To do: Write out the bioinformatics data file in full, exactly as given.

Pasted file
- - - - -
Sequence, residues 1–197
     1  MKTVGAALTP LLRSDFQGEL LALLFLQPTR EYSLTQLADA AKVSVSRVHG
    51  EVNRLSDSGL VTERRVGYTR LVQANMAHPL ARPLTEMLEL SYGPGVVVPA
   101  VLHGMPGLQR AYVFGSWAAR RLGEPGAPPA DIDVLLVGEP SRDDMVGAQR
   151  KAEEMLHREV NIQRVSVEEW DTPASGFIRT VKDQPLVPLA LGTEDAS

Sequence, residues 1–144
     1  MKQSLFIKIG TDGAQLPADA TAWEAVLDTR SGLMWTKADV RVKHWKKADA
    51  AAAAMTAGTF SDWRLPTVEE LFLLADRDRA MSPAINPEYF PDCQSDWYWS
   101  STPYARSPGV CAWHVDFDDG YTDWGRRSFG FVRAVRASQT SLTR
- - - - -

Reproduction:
Sequence, residues 1–197
     1  MKTVGAALTP LLRSDFQGEL LALLFLQPTR EYSLTQLADA AKVSVSRVHG
    51  EVNRLSDSGL VTERRVGYTR LVQANMAHPL ARPLTEMLEL SYGPGVVVPA
   101  VLHGMPGLQR AYVFGSWAAR RLGEPGAPPA DIDVLLVGEP SRDDMVGAQR
   151  KAEEMLHREV NIQRVSVEEW DTPASGFIRT VKDQPLVPLA LGTEDAS

Sequence, residues 1–144
     1  MKQSLFIKIG TDGAQLPADA TAWEAVLDTR SGLMWTKADV RVKHWKKADA
    51  AAAAMTAGTF SDWRLPTVEE LFLLADRDRA MSPAINPEYF PDCQSDWYWS
   101  STPYARSPGV CAWHVDFDDG YTDWGRRSFG FVRAVRASQT SLTR